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VIRGINIA: Bishop Peter Lee released hospital, awaiting additional test results

By Mary Frances Schjonberg

The Rt. Rev. Peter Lee  

[Episcopal News Service]  The Rt. Rev. Peter James Lee, 12th Episcopal Bishop of Virginia, was released from St. Mary's Hospital in Richmond, Virginia, shortly after 10 a.m. November 8 after being hospitalized for 24 hours.

Lee, 68, was admitted about 9 a.m. November 7 after exhibiting symptoms of a mild stroke while voting with his wife, Kristy.

Following a battery of tests, including MRI, EEG, and CT scans and a carotid artery test, there has been no conclusive diagnosis, according to a statement from diocesan secretary Peter Getlein.

"However, Bishop Lee says that the doctors are recording the incident as a Transient Ischemic Attack (TIA) though he explains that his symptoms were not fully characteristic of TIA," Getlein said.

"I spoke with him this morning. He sounds great and says he feels fine," Getlein's email said. "Though he has been ordered by doctors not to drive until the results of a final test are received [on November 10], he is expected to attend a meeting of the Diocesan Executive Board [on November 9] with the Standing Committee, regional deans and presidents in northern Virginia. He will be driven by his clerk, Mr. Will Packard."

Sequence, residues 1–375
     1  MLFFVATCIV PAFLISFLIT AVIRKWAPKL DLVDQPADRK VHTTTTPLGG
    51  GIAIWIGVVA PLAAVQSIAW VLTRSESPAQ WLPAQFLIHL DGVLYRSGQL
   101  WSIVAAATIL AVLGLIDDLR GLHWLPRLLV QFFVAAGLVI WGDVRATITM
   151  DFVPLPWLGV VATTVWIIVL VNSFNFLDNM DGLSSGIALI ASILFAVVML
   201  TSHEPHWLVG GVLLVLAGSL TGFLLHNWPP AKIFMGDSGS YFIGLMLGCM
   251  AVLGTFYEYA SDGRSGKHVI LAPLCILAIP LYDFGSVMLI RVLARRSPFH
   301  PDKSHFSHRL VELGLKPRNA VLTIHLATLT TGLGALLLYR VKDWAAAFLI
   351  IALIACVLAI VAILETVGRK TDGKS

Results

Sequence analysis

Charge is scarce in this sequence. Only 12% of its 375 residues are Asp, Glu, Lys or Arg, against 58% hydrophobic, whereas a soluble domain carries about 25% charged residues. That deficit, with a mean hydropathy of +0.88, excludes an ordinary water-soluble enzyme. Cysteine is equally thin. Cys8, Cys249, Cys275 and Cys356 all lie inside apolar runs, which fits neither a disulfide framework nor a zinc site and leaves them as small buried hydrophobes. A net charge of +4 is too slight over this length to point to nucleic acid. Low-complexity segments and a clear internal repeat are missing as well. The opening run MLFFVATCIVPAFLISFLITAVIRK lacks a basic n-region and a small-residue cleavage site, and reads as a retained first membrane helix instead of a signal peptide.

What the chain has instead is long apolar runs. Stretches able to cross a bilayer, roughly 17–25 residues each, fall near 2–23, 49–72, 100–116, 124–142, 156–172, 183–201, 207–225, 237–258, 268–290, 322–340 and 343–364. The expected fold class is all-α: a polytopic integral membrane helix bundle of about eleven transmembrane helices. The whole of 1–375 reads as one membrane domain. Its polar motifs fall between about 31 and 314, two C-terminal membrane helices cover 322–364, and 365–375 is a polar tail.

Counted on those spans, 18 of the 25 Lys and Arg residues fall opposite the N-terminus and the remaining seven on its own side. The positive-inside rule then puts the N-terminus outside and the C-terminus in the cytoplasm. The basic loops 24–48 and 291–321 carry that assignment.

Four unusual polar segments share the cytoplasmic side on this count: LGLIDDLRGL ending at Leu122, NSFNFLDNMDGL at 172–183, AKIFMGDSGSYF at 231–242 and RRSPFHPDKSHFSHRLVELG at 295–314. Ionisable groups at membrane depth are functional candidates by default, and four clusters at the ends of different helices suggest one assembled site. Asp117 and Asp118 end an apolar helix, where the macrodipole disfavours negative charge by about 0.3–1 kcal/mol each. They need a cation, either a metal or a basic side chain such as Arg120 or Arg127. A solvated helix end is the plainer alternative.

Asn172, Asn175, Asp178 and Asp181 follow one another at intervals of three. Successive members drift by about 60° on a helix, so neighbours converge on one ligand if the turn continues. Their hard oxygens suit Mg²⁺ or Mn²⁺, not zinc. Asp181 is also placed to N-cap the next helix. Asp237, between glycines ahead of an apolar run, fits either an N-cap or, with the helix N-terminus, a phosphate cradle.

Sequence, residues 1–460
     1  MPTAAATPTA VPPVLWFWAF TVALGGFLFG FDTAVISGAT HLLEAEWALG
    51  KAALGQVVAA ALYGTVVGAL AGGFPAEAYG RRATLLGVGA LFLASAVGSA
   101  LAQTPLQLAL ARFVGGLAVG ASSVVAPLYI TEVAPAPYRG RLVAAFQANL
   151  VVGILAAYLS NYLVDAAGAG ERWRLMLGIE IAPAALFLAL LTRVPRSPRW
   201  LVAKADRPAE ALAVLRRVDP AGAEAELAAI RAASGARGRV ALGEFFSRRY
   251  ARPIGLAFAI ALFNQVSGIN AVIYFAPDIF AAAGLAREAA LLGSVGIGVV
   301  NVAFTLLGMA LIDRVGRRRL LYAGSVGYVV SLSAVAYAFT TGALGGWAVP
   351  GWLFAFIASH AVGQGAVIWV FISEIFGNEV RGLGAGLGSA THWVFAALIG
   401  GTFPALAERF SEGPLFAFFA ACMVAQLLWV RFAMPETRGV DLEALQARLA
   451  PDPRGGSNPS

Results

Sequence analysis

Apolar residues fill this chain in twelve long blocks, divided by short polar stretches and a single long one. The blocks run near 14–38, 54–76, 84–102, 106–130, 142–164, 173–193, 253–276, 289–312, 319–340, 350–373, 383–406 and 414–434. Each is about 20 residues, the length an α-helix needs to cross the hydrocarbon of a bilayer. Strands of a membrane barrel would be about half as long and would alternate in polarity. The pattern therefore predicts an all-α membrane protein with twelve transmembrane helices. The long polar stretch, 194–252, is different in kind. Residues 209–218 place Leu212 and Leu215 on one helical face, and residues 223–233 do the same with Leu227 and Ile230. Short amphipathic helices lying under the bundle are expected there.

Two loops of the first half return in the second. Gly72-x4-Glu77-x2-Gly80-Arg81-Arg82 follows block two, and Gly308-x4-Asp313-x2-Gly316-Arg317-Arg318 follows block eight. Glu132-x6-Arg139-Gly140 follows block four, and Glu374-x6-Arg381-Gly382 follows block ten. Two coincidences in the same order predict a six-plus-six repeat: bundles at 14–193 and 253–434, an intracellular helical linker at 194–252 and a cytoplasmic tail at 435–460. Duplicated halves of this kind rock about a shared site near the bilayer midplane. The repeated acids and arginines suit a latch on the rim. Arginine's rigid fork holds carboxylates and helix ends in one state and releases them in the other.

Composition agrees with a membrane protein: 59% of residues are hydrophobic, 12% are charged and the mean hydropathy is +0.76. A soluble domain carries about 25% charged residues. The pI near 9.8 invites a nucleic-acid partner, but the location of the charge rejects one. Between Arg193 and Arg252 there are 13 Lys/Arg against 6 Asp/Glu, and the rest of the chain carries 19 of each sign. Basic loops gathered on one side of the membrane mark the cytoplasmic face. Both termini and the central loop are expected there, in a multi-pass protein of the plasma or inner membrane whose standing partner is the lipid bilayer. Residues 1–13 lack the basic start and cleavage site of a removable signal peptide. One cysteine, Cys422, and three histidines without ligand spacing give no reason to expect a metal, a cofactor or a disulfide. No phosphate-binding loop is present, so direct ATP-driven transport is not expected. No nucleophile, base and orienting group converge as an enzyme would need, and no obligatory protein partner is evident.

On November 7, after experiencing "some mild disorientation" that concerned them both, Kristy Lee drove her husband to the emergency room, Getlein said.

On January 27, 2006, Lee told the 211th annual Diocesan Council that he planned to retire by 2010 and called for the election of a coadjutor. His successor is due to be elected on January 27, 2007 and consecrated on May 26, 2007 at Washington National Cathedral.

Getlein said Lee's health has been good since he recovered from triple bypass heart surgery in January 2005.

The Diocese of Virginia comprises about 90,000 Episcopalians worshipping in 195 congregations. The diocesan profile says the diocese has planted 16 congregations in the last ten years, and has 450 clergy, six schools, six diocesan homes, two conference centers and a budget of nearly $4.3 million dollars.